Open Journal of Nursing
Vol.05 No.04(2015), Article ID:55253,11 pages

Effectiveness of ICU Diaries: Improving “Distorted Memories” Encountered during ICU Admission

Tomohide Fukuda1, Tomoko Inoue1, Yoshiko Kinoshita2, Tamiko Yukawa2

1Department of Critical and Invasive Palliative Care Nursing, Tokyo Medical and Dental University, Tokyo, Japan

2Department of Nursing, NTT East Japan Kanto Hospital, Tokyo, Japan


Copyright © 2015 by authors and Scientific Research Publishing Inc.

This work is licensed under the Creative Commons Attribution International License (CC BY).

Received 17 March 2015; accepted 28 March 2015; published 31 March 2015


Background: It is said that after ICU discharge, 40% of patients suffer from acute stress symptoms, such as anxiety and depression, caused by “distorted memories” (memory loss and delusions) due to various treatments in the ICU. This study focused on the quantitative and qualitative effects of ICU diaries on distorted memories that patients encountered during their time in the ICU. Aim: To assess improving distorted memories by providing information during ICU admission to patients to relieve the acute stress symptoms after ICU discharge. Design and Methods: This nonrandomized controlled trial included patients aged ≥20 years who had received treatment for ≥3 days in the ICU. Using ICU memory tool, the Hospital Anxiety and Depression Scale (HADS) and the Acute Stress Disorder Scale (ASDS) approximately 1 week after ICU discharge, then HADS and ASDS prior to hospital discharge, the change in mean values were compared between two groups (control and intervention) using a Wilcoxon signed-rank test. The intervention group was surveyed prior to hospital discharge using semi-structured interviews, and descriptions were analyzed by the content analysis method of Krippendorff. Results: Twenty-three participants were included in the control group, and 17 in the intervention group. When comparing subjects with distorted memories between the groups, we found reduced values for HADS anxiety (7.1 ± 3.8 to 5.7 ± 2.7, p = 0.011), HADS depression (8.6 ± 5.0 to 7.2 ± 4.3, p = 0.003), and ASDS (46.9 ± 13.8 to 43.8 ± 11.4, p = 0.012) in the intervention group. Based on the narrations, patients wanted to investigate facts in the ICU diary while having someone help them to remember these events. Conclusion: Improving distorted memories during ICU admissions may relieve acute stress symptoms. In addition, these patients needed someone to investigate facts from the ICU admission.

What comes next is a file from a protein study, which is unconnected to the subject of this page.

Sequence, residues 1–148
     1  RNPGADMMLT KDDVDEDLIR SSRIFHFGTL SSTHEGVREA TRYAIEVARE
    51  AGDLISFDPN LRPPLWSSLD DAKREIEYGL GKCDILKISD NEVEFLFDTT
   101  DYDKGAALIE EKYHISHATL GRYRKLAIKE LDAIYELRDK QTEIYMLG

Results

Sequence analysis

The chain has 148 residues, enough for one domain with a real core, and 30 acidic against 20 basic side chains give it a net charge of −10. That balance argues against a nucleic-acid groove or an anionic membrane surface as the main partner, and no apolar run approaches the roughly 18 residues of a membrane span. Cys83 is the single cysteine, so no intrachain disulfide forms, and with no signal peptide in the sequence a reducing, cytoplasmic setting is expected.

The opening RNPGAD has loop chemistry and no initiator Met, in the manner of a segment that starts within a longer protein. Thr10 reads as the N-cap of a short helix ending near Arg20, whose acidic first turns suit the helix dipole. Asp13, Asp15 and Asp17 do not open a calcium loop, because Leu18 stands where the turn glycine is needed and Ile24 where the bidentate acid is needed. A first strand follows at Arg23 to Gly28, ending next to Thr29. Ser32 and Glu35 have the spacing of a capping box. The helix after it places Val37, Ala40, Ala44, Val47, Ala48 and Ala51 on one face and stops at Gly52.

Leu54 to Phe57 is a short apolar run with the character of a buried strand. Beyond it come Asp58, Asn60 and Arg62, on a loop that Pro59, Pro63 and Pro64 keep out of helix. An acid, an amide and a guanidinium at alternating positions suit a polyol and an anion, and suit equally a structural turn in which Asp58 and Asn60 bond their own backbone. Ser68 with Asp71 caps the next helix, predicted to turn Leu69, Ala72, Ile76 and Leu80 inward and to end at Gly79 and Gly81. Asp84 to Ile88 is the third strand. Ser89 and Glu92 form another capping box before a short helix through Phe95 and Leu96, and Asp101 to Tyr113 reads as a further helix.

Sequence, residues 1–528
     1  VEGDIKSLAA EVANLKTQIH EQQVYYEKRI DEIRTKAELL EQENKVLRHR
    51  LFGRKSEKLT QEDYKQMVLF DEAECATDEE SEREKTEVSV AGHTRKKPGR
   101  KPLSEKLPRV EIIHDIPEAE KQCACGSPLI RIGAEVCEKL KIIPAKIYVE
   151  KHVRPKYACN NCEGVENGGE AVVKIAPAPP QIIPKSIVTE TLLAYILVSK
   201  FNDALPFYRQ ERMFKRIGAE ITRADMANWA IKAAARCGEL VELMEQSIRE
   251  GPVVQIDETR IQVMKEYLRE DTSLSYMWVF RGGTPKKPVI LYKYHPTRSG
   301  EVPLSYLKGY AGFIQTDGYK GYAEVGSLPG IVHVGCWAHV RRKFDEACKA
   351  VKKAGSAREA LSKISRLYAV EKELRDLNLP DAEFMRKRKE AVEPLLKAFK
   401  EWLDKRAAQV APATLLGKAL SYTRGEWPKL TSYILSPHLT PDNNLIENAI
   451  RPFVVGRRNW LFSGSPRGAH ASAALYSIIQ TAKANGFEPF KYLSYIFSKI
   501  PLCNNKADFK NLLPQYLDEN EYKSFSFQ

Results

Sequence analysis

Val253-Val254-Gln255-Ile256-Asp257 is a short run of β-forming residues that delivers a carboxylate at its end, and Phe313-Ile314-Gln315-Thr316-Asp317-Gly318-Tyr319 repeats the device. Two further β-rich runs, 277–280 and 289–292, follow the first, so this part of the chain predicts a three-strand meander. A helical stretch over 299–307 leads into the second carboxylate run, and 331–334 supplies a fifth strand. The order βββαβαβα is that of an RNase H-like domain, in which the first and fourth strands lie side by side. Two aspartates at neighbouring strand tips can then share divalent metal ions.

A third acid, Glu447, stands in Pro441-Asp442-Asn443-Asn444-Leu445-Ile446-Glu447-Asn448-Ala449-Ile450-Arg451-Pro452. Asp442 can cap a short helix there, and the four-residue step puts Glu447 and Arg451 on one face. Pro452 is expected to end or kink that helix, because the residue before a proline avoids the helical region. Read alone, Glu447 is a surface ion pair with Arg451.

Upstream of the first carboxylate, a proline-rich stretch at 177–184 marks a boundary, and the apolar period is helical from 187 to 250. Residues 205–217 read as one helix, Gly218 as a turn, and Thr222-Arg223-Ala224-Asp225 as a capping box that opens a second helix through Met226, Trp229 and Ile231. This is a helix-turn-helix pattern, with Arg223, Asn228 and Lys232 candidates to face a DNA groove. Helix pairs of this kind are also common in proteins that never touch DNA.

Aftercare, Acute Stress Symptoms, ICU Diary, Distorted Memories

1. Introduction

Receiving invasive treatments for a severe disease involves extreme physical and mental stress for intensive care unit (ICU) patients. Patients admitted to the ICU may suffer from memory loss and delusional memories associated with the events that occur in the ICU due to severe pain, deep sedation, or the acute onset of their condition. In addition, many patients clearly recall events that occurred in state of delirium after ICU discharge [1] . These so-called distorted memories remain intense within the patient and can subsequently lead to Acute Stress Disorder (ASD), i.e., anxiety and depression, and a higher risk of Post-Traumatic Stress Disorder (PTSD). Actually, the possibility that patients discharged from the ICU will suffer from PTSD is 21% - 35%, which is 10 times greater than that for persons who live normal lives [2] . Therefore, to understand the experiences of these patients, care following an ICU visit has become an important topic for ICU nurses.

As a part of the nursing care for patients admitted to the ICU, ICU nurses in Scandinavian medical institutions started using ICU diaries in the 1990s [3] , which has been established as a type of care mainly used in Europe. This can be a tool for patients after discharge from the ICU to provide information during the ICU admission, such as the course of treatment, the state of daily life in the ICU, and persons who came to ICU to meet the patient. ICU diaries were written by ICU nurses, other medical staff, and family members. The patients who read the ICU diary in the ward were often surprised at the facts from the ICU and delighted at the comments from one’s family. In addition, the patients were able to share the information from the ICU with family members and nursing staff in the general ward. These experiences helped to fill in the memory gap of the patients [4] - [6] and provided a sense of coherence to their memories [7] . In this way, ICU diaries are considered a “gift” from the patient’s family and ICU nurses [8] .